Another Stocking thread - 55g - Tropical Fish Keeping - Aquarium fish care and resources
 
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post #1 of 8 Old 10-05-2011, 10:29 AM Thread Starter
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Another Stocking thread - 55g

Hi, just wanting opinions on my current stocking and ideas on what to add next, if anything.

First, my water parameters are currently good with nitrates around 10ppm and temp at79F.

I currently have in my tank:
1 powder blue dwarf gourami
1 marble veil angel
5 zebra danio
8 harlequin rasbora
4 glass catfish

I am thinking to add 1 red tailed black shark and 1 smaller pleco(either rubber lip or bristle nose) and maybe a school of 6 or so corys. Would this be ok to round out the tank? I don't want to overstock and looking for opinions. Thanks!
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post #2 of 8 Old 10-05-2011, 12:21 PM
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Hey there, let me lead by saying I am new to this website and am nowhere near an expert, but from I too am establishing a 55g aquarium and have alot of the same fish intersts as you so I have studied alot of those fish that you have. I think that if you want to consider addind more fish that the Black Shark will not work, bc it gets too big and boisterous for your peaceful fish like the gourami and glass catfish. I believe I would consider giving my angel some friends since they like to be in groups or at least pairs or making your glass cat school larger because i read that they stress singly or in too small a group. Also, and again not sure, but it seems like you are getting close to your max in this aquarium so I would definitely make it count for the fish you have already committed to and try to make their environment as peaceful and natural as possible. I think I would try more angels if that won't overfill you.
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post #3 of 8 Old 10-05-2011, 01:31 PM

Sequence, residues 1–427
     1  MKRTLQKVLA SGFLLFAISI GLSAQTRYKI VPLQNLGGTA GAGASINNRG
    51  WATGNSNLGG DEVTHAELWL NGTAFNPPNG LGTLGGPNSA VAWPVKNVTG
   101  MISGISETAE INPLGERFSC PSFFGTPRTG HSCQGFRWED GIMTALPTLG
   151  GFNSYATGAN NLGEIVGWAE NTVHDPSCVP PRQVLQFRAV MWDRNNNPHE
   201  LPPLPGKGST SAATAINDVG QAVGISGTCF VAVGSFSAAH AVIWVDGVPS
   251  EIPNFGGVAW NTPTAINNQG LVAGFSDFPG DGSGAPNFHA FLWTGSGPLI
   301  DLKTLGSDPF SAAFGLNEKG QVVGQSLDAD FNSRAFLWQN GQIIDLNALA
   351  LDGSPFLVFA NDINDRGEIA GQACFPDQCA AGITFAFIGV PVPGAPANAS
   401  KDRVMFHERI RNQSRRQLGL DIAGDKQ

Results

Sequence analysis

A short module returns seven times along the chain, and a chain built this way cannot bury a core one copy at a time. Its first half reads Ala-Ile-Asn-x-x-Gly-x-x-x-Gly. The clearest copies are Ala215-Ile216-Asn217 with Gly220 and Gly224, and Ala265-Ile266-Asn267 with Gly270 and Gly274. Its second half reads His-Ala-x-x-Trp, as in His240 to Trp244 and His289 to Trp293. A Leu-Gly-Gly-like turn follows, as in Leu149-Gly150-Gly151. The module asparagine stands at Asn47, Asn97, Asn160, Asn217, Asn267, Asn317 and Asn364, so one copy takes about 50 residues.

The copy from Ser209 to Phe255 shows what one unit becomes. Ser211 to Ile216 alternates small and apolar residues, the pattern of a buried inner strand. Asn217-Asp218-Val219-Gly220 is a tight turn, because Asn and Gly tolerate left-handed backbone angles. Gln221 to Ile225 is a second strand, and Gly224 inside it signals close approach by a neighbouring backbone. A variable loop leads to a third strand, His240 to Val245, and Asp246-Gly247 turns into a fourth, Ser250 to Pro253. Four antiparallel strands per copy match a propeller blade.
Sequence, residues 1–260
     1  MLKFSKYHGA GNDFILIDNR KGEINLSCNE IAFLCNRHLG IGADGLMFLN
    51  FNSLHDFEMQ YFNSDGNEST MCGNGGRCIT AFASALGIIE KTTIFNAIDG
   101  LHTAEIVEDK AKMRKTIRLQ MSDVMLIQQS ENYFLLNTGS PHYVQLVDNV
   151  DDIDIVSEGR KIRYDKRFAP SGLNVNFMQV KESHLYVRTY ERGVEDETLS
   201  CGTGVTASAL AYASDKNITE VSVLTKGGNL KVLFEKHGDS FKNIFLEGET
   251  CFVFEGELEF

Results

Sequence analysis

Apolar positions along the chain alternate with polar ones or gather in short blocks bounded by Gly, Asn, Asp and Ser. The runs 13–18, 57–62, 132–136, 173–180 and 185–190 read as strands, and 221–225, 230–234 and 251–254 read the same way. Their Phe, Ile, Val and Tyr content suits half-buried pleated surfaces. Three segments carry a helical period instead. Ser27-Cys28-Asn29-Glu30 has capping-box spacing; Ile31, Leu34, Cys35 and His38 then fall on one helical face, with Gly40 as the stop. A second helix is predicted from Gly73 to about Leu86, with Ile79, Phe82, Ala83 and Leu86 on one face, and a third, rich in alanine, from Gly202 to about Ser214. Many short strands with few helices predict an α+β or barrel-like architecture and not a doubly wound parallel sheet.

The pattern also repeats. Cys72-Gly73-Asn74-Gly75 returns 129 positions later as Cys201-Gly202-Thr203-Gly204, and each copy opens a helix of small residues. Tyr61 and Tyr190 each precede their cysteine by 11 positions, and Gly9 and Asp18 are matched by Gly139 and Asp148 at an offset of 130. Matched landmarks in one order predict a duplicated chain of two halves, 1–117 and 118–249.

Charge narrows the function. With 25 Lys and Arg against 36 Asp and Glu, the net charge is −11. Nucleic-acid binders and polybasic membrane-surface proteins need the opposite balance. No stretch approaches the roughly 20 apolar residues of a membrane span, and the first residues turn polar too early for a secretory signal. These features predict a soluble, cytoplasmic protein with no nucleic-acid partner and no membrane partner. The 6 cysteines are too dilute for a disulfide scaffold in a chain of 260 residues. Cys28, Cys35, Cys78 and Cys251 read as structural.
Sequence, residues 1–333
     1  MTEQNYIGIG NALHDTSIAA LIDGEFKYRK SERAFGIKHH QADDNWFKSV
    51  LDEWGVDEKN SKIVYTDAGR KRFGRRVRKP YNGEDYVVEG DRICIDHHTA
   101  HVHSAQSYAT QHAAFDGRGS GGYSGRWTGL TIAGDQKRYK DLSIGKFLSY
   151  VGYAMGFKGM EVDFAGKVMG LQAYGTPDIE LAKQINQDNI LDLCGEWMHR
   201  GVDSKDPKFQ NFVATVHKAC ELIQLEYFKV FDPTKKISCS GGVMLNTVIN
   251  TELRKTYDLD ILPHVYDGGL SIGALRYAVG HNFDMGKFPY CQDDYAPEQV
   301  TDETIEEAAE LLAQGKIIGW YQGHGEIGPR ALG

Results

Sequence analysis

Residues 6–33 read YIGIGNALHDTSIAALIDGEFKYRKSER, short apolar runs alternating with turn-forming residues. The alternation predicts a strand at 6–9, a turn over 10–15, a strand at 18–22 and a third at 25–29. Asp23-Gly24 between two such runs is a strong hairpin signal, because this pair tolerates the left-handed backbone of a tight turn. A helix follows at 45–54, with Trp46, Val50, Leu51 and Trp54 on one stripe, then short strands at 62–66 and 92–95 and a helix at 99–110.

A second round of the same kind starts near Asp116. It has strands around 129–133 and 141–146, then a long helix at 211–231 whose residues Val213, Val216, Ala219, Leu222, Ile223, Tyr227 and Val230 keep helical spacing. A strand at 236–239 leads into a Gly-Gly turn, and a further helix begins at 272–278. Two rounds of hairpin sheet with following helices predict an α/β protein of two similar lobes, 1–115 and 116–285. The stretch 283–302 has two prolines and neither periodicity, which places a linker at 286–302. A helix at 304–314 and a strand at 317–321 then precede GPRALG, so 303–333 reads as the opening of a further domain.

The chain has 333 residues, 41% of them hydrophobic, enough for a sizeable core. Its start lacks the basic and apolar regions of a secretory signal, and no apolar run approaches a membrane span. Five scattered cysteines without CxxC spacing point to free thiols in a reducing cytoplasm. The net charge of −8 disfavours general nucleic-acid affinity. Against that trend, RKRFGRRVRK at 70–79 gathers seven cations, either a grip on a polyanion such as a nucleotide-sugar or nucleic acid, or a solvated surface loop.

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As I see you are a relatively new member, welcome to Tropical Fiish Keeping forum.

I agree with what fish for b has mentioned. We have fish profiles under the second tab from the left in the blue bar across the top, or in posts if the name is spelt the same it will shade and you can click on that to see the profile for that species.

Have a look at the profile for the Red Tailed Shark and you will see some issues.

Angels should be in small groups, 5 would work in a 55g, check that profile, Scalare Angelfish. Danio are a bit active to have with angelfish, the rasbora are a better fit.

Byron.

Byron Hosking, BMus, MA
Vancouver, BC, Canada

The aquarist is one who must learn the ways of the biologist, the chemist, and the veterinarian. [unknown source]

Something we all need to remember: The fish you've acquired was quite happy not being owned by you, minding its own business. If you’re going to take it under your wing then you’re responsible for it. Every aspect of its life is under your control, from water quality and temperature to swimming space. [Nathan Hill in PFK]
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post #4 of 8 Old 10-05-2011, 03:14 PM Thread Starter
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My danio have actually settled down a bit since I added the rasboras. I definitely wanted the red tailed shark but will stay away from it with this tank.

Is it essential that I have a group of scalare angelfish? Also, will the addition of 6 or so corys be ok?

Thanks for all the advise and information.